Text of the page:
A ‘Retro Report’ article in the NY Times, Questioning Evolution: The Push to Change Science Class, summarizes the by-now familiar litany of how objections to Darwin’s theory of the evolution — along with the many lines of supporting evidence and detailed implications of the theory, of which Darwin was unaware (he knew nothing of genetics, for example), that have been discovered since Darwin lived — have changed over time. Evolved.
Darwinism has long been under siege in parts of the United States, even if its critics have practiced their own form of evolution, adapting their arguments to accommodate altered legal circumstances. This installment of Retro Report shows the enduring strength of the forces that embrace the biblical account of Creation or reasonable facsimiles of it. For some of them, the rejection of broad scientific consensus extends to issues like climate change and stem-cell research.
The article is accompanied by a 10-minute video. The article starts with the infamous Scopes Monkey Trial, followed by the ploy of Creationism, followed by its ‘stepchild’ intelligent design. That last, also, was rejected by the courts.
And so, once more, the anti-Darwinists were forced to evolve. What emerged were state laws with descriptions like the “science education act” and the “academic freedom act.” One of the earliest and most successful of these endeavors, the Louisiana Science Education Act of 2008, carried echoes of a “wedge strategy” advocated by the Discovery Institute — a step-by-step program to “reverse the stifling dominance of the materialist worldview and to replace it with a science consonant with Christian and theistic convictions.”
The Louisiana law permits public schoolteachers to use materials critical of established scientific thought, with “evolution, the origins of life, global warming and human cloning” singled out as targets. No blatant advocacy of creationism or intelligent design is authorized. But those concepts make their way into classrooms all the same, as a means of fostering “critical thinking skills, logical analysis, and open and objective discussion of scientific theories.”
Of course, the deep motivations of evolution-deniers are revealed by their singling out of that topic and others that threaten the verities of religious fundamentalism, and more particularly, that threaten human vanity. If the Bible is literally true, then surely the fields of geology, astronomy, and astrophysics are as misguided and wrong as are the entirety of modern biology, about which one scientist remarked “Nothing in Biology Makes Sense Except in the Light of Evolution.” But you don’t see the advocates of ‘teaching the controversy’ concerned about physics or astronomy.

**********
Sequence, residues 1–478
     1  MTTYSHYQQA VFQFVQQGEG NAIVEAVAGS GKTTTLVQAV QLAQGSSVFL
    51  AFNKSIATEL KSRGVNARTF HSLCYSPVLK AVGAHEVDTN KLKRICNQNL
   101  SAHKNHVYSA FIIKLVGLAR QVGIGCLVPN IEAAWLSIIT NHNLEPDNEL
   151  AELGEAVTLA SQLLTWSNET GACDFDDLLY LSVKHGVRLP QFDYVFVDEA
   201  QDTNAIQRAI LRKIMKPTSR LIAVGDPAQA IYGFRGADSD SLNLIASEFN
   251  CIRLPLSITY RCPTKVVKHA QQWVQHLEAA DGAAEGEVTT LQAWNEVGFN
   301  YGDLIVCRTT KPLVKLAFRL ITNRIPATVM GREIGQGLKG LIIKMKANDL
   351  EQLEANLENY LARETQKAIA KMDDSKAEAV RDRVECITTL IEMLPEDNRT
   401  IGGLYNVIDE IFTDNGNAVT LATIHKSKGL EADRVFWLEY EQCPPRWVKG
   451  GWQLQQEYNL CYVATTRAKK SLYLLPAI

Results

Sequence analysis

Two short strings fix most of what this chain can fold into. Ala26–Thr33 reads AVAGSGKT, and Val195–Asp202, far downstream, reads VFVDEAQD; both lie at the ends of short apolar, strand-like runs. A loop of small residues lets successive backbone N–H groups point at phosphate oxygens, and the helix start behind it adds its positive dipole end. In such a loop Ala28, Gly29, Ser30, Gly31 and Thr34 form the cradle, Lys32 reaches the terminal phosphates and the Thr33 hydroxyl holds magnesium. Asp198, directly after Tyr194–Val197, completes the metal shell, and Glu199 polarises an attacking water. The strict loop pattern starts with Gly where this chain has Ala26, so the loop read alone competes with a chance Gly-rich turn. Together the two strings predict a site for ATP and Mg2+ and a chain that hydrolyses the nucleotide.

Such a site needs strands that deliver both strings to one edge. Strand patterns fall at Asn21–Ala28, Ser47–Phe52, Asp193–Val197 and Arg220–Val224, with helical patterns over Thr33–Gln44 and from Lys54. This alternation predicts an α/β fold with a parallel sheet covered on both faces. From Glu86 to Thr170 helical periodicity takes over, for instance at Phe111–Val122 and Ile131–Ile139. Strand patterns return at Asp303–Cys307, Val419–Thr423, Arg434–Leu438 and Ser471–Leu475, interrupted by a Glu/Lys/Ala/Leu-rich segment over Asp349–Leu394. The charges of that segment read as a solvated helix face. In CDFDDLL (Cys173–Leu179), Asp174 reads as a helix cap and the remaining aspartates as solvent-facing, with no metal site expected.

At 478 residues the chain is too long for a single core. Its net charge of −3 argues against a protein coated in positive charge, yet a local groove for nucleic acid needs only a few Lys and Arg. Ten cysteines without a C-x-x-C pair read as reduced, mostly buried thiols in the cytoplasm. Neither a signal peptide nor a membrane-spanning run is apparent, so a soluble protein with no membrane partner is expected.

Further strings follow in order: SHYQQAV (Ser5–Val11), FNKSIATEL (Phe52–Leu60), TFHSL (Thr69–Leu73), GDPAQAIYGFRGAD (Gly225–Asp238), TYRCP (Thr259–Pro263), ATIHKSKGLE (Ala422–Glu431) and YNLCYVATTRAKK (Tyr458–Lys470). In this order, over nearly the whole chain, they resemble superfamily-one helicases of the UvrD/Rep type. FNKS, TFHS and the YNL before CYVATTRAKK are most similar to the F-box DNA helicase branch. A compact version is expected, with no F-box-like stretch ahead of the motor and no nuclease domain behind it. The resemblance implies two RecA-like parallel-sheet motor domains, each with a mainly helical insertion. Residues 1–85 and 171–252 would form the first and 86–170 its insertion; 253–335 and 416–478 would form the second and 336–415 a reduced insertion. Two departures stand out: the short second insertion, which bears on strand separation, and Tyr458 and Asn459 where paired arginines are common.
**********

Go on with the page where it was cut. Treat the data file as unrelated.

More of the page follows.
The article goes on, “Georgia Purdom, a molecular geneticist who is also a creationist, offered much the same view. ‘I am a scientist, and I have looked at the science, and I see that it confirms God’s word,’ Dr. Purdom said.” This would be called motivated thinking; that is, you can be sure Dr. Purdom was raised as a religious fundamentalist and then went on to learn biology and strove mightily to reconcile the two. No one without such a background, looking at the evidence of the world, of biology and geology and astronomy, would come to the conclusion that the Earth and all life is only 6000 years old, any more than they might conclude the world, with all of its evidence of antiquity, was created 5 minutes ago.
This topic aligns with several other items recently:
Op-ed by David Leonhardt: America Is Now an Outlier on Driving Deaths
Over the last few decades, however, other countries have embarked on evidence-based campaigns to reduce vehicle crashes. The United States has not. The fatality rate has still fallen here, thanks partly to safer vehicles, but it’s fallen far less than anywhere else.
Evidence! The strategy of drawing conclusions from evidence is antithetical not only to religious fundamentalists, but also to the current US administration.
And the themes of several recent books…
Slate: The Long Con: Hoaxes, fake news, and phonies are nothing new in America. But has it ever been this bad?, about Bunk: The Rise of Hoaxes, Humbug, Plagiarists, Phonies, Post-Facts, and Fake News, just published last week.
And Kurt Andersen’s Fantasyland: How America Went Haywire: A 500-Year History.
And Tom Nichols’ The Death of Expertise: The Campaign Against Established Knowledge and Why it Matters.